Since the introduction of the iPad in 2010, I have dreamed of the day when I could walk into a studio and record, produce, and mix a live band using just my tablet. Recently, that dream became reality: I had the opportunity to produce and record a session for Ella Joy Meir — a very talented up-and-coming songwriter and composer based in the Boston/New York area. The plan was to record "You'll Return," an original song that she co-wrote with Michal Weiner, using a band made up of drums, acoustic and electric guitars, bass, vocals and piano.
For this project, I decided to try and use the iPad for each stage of production — from recording and mixing all the way to mastering and SoundCloud distribution. The recording session was split in two days and took place in the new Berklee Production suites in Boston; the assistant engineer was the talented Vince Espi. (I've posted videos of the sessions and some of the things that went on behind the scenes.)
This turned out to be a great opportunity to assess the real potential of the iPad as a reliable ultra-portable recording and production platform.
iPad pros and cons
Depending on the type of music, ensemble, and production you plan to produce, using an iPad can be either a perfect solution or a limiting and frustrating experience.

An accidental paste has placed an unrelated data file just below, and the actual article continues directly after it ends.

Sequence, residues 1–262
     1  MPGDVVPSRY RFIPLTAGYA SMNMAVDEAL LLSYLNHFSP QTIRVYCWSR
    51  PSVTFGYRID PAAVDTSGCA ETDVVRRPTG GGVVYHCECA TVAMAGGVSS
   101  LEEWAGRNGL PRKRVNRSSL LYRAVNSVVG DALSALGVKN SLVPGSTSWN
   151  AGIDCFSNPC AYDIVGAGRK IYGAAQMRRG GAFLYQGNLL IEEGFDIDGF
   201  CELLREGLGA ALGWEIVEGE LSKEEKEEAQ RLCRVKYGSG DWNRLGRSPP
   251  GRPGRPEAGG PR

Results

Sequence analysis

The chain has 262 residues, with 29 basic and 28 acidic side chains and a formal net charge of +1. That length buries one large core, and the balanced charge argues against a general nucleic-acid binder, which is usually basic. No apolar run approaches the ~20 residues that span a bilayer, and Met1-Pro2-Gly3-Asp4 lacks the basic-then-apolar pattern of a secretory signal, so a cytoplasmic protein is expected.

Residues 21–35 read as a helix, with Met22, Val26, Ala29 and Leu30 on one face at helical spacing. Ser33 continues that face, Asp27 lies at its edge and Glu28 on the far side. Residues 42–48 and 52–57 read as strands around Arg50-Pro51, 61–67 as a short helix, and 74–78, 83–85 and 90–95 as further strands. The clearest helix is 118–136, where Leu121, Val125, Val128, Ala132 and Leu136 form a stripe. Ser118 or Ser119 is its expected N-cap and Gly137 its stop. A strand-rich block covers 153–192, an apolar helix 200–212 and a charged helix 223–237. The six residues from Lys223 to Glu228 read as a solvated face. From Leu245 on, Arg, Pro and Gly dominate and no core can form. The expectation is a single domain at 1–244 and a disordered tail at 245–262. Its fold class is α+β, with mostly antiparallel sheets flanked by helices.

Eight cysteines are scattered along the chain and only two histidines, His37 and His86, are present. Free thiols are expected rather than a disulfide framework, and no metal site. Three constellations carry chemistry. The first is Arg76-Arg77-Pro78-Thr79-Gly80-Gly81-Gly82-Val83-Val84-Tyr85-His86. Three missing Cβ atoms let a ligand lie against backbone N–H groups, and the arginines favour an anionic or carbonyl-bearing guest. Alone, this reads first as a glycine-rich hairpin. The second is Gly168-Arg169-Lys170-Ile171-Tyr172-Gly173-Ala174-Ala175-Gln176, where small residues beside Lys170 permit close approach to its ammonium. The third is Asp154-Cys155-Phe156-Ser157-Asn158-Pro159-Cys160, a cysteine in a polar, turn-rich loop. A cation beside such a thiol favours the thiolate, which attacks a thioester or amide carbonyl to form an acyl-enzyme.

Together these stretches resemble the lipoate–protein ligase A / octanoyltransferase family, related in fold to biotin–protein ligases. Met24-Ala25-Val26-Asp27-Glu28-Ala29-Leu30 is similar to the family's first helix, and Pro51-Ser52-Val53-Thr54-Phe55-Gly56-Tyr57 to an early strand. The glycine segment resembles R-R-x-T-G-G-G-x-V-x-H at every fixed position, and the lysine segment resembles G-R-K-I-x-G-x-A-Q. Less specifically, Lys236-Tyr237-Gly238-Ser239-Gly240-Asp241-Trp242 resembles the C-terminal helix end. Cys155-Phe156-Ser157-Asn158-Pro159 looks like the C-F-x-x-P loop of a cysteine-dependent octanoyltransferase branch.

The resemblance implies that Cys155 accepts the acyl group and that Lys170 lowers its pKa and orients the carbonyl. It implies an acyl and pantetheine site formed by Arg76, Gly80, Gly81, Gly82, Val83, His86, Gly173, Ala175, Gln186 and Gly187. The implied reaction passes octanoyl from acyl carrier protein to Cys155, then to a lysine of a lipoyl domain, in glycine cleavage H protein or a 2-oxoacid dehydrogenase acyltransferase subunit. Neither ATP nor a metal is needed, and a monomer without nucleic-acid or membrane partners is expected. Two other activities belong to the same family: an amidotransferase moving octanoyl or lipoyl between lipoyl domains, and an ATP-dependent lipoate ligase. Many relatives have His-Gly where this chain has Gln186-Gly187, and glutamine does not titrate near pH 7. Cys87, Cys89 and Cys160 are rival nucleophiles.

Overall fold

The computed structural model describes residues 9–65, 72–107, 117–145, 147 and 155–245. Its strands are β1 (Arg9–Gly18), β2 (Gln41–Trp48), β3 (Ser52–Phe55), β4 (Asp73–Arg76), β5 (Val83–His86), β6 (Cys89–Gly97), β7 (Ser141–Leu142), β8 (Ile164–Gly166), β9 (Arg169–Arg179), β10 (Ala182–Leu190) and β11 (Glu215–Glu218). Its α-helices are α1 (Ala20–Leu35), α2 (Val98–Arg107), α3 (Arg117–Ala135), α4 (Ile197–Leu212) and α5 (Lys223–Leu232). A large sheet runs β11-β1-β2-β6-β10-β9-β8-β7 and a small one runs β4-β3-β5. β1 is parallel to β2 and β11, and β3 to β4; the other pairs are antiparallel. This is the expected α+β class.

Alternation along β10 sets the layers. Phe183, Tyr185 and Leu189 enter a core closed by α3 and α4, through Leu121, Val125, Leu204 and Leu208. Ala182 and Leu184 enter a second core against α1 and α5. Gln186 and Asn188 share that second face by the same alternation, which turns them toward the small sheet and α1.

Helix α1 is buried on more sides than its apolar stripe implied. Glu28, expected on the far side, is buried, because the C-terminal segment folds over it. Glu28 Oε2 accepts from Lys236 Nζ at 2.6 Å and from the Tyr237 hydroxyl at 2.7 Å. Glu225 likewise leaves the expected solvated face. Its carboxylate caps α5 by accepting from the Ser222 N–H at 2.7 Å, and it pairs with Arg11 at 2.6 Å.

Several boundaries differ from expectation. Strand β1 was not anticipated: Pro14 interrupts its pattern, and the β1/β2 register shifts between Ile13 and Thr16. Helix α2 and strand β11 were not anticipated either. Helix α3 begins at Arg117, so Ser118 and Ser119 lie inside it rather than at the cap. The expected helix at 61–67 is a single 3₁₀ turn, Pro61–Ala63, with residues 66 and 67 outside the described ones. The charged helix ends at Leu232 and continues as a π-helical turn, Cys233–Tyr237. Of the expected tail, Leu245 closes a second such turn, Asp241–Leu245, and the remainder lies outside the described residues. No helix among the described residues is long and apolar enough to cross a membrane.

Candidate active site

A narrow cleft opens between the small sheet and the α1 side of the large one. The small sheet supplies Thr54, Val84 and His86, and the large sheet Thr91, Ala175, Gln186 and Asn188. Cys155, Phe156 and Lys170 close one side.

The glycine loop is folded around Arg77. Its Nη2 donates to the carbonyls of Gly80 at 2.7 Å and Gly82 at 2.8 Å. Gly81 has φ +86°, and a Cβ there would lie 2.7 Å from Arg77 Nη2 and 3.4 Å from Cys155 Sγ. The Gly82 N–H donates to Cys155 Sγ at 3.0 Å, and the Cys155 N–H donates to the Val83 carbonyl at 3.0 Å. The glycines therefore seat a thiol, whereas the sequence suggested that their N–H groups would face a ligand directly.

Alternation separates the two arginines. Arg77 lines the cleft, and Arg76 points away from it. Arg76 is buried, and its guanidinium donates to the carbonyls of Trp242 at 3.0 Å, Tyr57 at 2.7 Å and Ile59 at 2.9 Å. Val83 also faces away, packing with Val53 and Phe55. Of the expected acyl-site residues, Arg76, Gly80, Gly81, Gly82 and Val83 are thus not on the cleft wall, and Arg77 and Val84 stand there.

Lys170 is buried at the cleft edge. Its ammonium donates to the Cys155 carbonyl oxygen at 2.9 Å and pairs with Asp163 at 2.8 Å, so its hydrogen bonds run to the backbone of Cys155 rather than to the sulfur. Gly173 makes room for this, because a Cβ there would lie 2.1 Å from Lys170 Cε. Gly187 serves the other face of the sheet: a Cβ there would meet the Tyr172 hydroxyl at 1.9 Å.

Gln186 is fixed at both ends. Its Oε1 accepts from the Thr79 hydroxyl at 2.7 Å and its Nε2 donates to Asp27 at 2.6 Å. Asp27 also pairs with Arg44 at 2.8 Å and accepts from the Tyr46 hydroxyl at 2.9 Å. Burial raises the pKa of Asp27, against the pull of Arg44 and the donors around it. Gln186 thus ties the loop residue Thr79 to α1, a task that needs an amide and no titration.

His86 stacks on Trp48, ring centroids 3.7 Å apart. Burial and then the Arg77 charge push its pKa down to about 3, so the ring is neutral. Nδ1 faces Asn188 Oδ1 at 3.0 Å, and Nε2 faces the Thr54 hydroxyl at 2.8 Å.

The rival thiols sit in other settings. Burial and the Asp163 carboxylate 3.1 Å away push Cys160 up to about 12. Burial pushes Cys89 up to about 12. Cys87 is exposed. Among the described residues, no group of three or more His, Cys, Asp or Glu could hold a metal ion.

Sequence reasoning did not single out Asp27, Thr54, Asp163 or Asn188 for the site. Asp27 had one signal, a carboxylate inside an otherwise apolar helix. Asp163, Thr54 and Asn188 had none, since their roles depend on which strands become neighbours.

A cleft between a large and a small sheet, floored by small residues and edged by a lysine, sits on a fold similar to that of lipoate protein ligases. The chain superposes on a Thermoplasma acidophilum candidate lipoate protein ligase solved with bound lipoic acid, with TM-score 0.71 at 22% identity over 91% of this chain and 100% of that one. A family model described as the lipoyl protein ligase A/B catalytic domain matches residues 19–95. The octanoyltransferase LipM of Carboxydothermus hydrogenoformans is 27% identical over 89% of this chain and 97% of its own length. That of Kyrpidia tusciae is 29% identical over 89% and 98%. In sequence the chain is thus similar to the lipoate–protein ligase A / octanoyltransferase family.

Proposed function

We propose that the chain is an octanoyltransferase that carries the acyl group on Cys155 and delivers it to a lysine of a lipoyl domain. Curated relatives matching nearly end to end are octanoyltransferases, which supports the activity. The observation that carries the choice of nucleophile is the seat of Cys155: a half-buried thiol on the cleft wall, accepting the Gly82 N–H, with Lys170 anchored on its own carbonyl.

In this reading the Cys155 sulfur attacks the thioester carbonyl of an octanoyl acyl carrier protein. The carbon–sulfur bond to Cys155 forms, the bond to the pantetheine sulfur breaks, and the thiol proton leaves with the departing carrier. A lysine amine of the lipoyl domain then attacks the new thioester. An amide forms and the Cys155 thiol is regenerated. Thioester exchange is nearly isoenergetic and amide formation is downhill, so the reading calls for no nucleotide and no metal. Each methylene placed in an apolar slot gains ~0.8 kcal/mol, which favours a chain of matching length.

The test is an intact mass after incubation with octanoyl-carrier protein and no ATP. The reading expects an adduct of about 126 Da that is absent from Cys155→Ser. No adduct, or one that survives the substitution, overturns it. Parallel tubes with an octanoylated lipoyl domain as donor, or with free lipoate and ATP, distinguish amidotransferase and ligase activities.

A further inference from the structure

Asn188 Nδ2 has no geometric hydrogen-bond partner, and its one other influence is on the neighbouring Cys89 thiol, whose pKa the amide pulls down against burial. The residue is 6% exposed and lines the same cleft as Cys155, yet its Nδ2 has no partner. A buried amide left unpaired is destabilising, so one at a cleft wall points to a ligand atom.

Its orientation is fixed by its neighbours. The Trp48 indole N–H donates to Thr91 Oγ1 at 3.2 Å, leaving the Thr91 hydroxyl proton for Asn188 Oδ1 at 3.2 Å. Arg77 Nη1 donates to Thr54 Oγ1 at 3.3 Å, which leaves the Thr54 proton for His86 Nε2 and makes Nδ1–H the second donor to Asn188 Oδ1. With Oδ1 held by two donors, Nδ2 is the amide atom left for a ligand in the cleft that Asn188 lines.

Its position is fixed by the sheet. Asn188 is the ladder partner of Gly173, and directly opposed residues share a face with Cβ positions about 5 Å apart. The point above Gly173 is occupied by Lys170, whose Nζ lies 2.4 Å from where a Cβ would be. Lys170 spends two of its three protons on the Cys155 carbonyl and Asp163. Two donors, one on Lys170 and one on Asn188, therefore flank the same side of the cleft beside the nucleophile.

The pros: I see the iPad as the obvious choice when portability and space are key issues. The ability to access your multitrack session at any time and anywhere is an incredible advantage when it comes to productivity.
"Yes," skeptics may interject, "but you can do the same with your laptop!" True, but it's much more likely that I'll have my 128GB iPad mini with Retina display on me — whether I'm in the studio, at home, or on the road. This constant access gives me more options for working with my music wherever I am.
In addition, if you are planning to record in a space where your sound engineer and performer are in the same room, the iPad has the advantage of being dead-quiet. And then there's the cost: iOS offers the convenience of a touch display and the portability of a laptop but with a much smaller price tag.
When it came to "You'll Return," the iPad provided all the necessary horsepower I needed, and due to the project's limited timeframe, it was a blessing to be able to edit the tracks anywhere I was.
And the cons: All of that said, you have to manage your overall expectations. If you are used to working with professional digital audio workstation applications (DAW) such as Pro Tools or Logic Pro, you may be frustrated by the iPad's limitations. The track limit alone (the full version of Auria only supports up to 48 tracks) can prove to be an unacceptable compromise, particularly if you're planning to record large ensembles with individual close microphones. The same can be said about sessions that require complex editing of audio tracks, or effects-laden projects.
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